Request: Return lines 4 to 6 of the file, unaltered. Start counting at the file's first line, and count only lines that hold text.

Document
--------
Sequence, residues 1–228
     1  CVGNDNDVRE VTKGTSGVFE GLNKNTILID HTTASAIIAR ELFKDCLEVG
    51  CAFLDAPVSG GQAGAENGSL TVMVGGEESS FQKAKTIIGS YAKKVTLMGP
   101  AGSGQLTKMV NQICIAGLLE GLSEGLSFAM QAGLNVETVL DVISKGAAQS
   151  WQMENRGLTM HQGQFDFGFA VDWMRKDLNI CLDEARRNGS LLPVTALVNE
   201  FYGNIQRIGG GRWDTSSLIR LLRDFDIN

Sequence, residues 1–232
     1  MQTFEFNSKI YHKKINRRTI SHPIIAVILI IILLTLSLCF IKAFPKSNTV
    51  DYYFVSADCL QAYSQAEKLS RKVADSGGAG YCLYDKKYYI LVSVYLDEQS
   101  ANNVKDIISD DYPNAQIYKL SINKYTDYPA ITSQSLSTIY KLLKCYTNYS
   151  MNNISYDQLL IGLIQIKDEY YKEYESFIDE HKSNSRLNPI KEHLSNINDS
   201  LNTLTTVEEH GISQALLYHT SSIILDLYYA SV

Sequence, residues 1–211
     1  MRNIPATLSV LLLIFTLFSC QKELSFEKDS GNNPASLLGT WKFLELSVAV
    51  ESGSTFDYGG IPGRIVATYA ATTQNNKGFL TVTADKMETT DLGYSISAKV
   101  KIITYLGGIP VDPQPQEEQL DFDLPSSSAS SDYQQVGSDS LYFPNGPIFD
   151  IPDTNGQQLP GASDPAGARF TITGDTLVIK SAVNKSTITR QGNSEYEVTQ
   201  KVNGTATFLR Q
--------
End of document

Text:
   101  AGSGQLTKMV NQICIAGLLE GLSEGLSFAM QAGLNVETVL DVISKGAAQS
   151  WQMENRGLTM HQGQFDFGFA VDWMRKDLNI CLDEARRNGS LLPVTALVNE
   201  FYGNIQRIGG GRWDTSSLIR LLRDFDIN